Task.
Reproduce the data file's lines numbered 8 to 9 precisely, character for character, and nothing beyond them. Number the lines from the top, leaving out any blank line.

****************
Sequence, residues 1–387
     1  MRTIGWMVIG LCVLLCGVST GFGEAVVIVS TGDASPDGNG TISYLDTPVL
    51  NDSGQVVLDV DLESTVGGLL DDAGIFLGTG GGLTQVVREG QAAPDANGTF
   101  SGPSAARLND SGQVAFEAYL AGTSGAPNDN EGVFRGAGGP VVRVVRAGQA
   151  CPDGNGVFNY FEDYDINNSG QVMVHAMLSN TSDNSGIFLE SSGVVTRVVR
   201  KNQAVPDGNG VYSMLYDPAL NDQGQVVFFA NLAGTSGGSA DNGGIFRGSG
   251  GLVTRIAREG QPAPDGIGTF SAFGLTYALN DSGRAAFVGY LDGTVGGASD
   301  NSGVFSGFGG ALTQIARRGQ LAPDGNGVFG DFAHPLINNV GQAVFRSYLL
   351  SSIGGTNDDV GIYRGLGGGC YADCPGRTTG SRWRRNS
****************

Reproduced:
   301  NSGVFSGFGG ALTQIARRGQ LAPDGNGVFG DFAHPLINNV GQAVFRSYLL
   351  SSIGGTNDDV GIYRGLGGGC YADCPGRTTG SRWRRNS